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Math Help - sequences and continuity

  1. #1
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    sequences and continuity

    Here are a few analysis problems I am having trouble with:

    1. Let {a_n} be a sequence of real numbers and let r be a real number that satisfies 0 < r < 1. Suppose that | a_n+1 - a_n | <= r*| a_n - a_n-1| for n > 1. Prove that {a_n} is a Cauchy sequence and hence a sequence that converges to a limit.

    2. Let {a_n} be a sequence of real numbers. Prove that if {a_n} has two subsequences that converge to different limits, then the sequence {a_n} does not converge.

    3. Prove the following theorem: Let {a_n} be a bounded sequence of real numbers and let S be the set of sequential limits of {a_n}. Then the set S contains its greatest lower bound and its least upper bound and
    lim inf a_n = inf S & lim sup a_n = sup S.

    4. Let S be a bounded nonempty set of real numbers and suppose that supS is not an element of S. Prove that there is a nondecreasing sequence {s_n} of elements of S such that the limit as n approaches infinity of s_n is supS.

    Thanks for the help.
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  2. #2
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    Quote Originally Posted by eigenvector11 View Post
    1. Let {a_n} be a sequence of real numbers and let r be a real number that satisfies 0 < r < 1. Suppose that | a_n+1 - a_n | <= r*| a_n - a_n-1| for n > 1. Prove that {a_n} is a Cauchy sequence and hence a sequence that converges to a limit.
    Proof

    2. Let {a_n} be a sequence of real numbers. Prove that if {a_n} has two subsequences that converge to different limits, then the sequence {a_n} does not converge.
    If a_n convergese to a then it means |a_n-a| < \epsilon for n>N. If a_{n_k} is a subsequence then n_k \geq n > N thus |a_{n_k}-a|<\epsilon. This shows a convergent sequence has all its sequences converge to the same limit.
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  3. #3
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    Quote Originally Posted by eigenvector11 View Post
    3. Prove the following theorem: Let {a_n} be a bounded sequence of real numbers and let S be the set of sequential limits of {a_n}. Then the set S contains its greatest lower bound and its least upper bound and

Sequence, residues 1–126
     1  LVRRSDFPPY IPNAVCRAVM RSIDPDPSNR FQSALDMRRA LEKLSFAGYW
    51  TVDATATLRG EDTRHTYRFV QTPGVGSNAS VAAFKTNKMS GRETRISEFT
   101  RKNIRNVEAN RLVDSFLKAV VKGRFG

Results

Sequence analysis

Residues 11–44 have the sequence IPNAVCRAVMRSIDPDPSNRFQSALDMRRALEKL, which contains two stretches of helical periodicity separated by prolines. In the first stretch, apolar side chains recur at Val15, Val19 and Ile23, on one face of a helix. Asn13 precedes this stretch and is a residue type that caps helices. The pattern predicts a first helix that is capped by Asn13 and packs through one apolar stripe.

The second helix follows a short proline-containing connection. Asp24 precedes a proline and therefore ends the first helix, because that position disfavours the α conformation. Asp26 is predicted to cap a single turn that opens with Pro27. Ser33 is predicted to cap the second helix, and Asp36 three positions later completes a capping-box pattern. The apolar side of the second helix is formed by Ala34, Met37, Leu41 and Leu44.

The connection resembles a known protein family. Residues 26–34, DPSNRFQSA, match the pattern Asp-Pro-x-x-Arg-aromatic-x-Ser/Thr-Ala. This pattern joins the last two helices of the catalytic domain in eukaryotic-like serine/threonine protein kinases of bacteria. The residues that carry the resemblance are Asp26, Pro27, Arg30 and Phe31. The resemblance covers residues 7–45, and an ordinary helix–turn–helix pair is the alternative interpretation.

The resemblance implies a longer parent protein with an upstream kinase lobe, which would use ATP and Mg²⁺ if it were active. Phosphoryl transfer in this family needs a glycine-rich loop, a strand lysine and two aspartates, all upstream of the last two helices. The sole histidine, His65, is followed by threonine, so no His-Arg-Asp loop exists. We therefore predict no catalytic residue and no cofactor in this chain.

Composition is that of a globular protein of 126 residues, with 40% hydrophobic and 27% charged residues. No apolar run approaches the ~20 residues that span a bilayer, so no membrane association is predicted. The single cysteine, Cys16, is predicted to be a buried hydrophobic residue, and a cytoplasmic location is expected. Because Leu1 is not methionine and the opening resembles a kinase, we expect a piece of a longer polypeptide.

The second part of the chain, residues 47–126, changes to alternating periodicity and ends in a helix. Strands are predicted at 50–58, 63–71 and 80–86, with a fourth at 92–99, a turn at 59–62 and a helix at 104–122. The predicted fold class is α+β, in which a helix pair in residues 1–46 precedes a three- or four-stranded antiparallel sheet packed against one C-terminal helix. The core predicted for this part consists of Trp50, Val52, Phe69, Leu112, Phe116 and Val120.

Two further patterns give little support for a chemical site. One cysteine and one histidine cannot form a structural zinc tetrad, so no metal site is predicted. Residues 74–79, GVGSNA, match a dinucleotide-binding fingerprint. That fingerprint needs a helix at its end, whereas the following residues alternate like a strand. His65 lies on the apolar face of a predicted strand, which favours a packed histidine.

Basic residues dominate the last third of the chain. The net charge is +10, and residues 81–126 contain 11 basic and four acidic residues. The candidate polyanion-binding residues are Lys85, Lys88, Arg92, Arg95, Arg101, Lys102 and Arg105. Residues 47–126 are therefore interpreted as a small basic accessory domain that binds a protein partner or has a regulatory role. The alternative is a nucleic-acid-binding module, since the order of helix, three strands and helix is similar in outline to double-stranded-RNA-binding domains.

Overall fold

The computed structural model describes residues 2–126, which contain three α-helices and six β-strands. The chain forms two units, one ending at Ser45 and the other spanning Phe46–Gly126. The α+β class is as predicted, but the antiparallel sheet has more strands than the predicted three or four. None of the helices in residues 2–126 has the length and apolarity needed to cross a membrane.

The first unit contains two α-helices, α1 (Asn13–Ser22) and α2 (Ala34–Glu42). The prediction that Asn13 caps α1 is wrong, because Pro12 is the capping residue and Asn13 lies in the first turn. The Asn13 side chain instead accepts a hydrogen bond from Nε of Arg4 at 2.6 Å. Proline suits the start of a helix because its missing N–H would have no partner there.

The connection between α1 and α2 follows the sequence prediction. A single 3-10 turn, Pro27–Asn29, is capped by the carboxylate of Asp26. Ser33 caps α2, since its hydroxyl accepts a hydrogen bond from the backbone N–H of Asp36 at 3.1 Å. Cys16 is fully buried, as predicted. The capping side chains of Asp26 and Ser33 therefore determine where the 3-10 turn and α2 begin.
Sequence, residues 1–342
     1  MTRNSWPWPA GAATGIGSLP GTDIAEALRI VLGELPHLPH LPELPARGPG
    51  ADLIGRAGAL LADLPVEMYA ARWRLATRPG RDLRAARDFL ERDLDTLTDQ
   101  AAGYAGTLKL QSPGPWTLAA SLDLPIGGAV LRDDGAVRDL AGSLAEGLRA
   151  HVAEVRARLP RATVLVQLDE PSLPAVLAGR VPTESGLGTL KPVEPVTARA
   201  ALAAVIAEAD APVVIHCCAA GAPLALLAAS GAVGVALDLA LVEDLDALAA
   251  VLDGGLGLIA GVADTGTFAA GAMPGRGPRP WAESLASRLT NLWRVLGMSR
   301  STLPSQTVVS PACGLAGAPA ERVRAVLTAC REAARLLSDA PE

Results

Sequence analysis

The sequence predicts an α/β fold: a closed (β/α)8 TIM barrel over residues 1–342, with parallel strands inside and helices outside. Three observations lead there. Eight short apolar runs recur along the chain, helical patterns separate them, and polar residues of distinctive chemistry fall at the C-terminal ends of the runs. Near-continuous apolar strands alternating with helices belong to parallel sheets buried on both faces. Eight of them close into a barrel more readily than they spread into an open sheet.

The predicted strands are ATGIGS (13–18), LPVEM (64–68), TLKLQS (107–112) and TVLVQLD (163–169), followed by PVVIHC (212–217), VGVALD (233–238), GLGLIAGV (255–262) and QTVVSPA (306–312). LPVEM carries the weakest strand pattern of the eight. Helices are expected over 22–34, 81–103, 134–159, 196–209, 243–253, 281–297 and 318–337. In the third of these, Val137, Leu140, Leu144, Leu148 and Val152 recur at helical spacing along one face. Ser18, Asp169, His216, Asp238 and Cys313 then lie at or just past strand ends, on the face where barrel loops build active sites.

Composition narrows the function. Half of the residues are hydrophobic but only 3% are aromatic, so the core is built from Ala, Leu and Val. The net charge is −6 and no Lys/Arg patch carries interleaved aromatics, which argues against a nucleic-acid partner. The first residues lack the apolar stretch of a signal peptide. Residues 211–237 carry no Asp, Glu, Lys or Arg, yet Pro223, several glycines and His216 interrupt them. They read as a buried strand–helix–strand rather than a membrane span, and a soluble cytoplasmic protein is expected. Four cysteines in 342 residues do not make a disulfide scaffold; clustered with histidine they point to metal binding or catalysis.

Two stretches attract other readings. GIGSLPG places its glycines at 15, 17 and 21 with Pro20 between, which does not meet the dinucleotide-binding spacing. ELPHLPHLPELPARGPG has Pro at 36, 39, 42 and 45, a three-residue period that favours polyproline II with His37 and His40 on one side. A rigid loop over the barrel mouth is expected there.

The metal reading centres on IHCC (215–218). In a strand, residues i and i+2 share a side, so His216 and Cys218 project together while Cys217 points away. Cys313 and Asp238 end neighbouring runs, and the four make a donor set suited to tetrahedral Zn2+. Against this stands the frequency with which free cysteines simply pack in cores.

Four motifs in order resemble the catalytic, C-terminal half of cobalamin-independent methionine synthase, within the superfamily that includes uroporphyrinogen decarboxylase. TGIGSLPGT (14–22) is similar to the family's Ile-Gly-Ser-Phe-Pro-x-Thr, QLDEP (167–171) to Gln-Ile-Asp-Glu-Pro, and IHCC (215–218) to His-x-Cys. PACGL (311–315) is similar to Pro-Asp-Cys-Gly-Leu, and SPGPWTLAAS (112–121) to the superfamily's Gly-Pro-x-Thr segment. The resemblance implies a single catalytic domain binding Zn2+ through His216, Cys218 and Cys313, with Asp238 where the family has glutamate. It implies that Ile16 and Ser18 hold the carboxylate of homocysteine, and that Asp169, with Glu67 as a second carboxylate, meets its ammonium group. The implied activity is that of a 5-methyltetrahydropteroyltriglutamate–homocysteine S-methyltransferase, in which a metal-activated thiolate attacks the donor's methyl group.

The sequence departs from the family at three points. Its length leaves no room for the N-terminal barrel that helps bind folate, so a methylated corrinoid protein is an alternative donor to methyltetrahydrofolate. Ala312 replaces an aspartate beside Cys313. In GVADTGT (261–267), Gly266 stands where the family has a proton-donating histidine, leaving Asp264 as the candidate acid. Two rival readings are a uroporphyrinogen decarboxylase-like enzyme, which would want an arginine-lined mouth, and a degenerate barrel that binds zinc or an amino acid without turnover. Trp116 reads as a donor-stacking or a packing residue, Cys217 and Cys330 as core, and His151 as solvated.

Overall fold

lim inf a_n = inf S & lim sup a_n = sup S.
    Let a_{n_k} be a subsequence having limit L. Then \liminf a_{n_k} = \limsup a_{n_k} = L but since \{ a_{n_k}| k\geq N\}\subseteq \{a_n| n\geq N\} it means \liminf a_n \leq \liminf a_{n_k} = L = \limsup a_{n_k} \leq \limsup a_n. Thus \limsup a_n is upper bound on S and \liminf a_n is lower bound on S this means \liminf a_n \leq \inf S \leq \sup S \leq \limsup s_n. Now there is a theorem that says that for any bounded sequence we can find two subsequences one subsequence convergening to its limsup and the other one converging to its liminf. This means the limsup and liminf belong to the set. Thus \liminf a_n = \inf S and \limsup a_n = \sup S.
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    Quote Originally Posted by eigenvector11 View Post
    4. Let S be a bounded nonempty set of real numbers and suppose that supS is not an element of S. Prove that there is a nondecreasing sequence {s_n} of elements of S such that the limit as n approaches infinity of s_n is supS.
    Let S be a bounded non-empty set of real numbers. Then \sup S = a is a real numbers. For \epsilon = 1 we have that a - 1 is not an upper bound (why is that?) thus there exists s_1 so that s_1 \geq a-1. Likewise s_2\geq a - 1/2, and in general s_n \geq a - 1/n. Thus we have s_n - a \geq - 1/n \implies 0\leq a - s_n\leq 1/n and thus |s_n - a| \leq 1/n. This means \lim s_n = a. Now this constructed sequence is not necessary nondecreasing, try to correct this proof so that it is nondecreasing.
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  5. #5
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    Thanks for the help on the first three. I'm not 100% sure how to connect the last proof to a nondecreasing sequence though. I know this means a_n+1 >= a_n, but I don't see how to tie this into the proof.
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  6. #6
    is up to his old tricks again! Jhevon's Avatar
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    Quote Originally Posted by eigenvector11 View Post
    Thanks for the help on the first three. I'm not 100% sure how to connect the last proof to a nondecreasing sequence though. I know this means a_n+1 >= a_n, but I don't see how to tie this into the proof.
    you said it, make sure that s_{n + 1} \ge s_n
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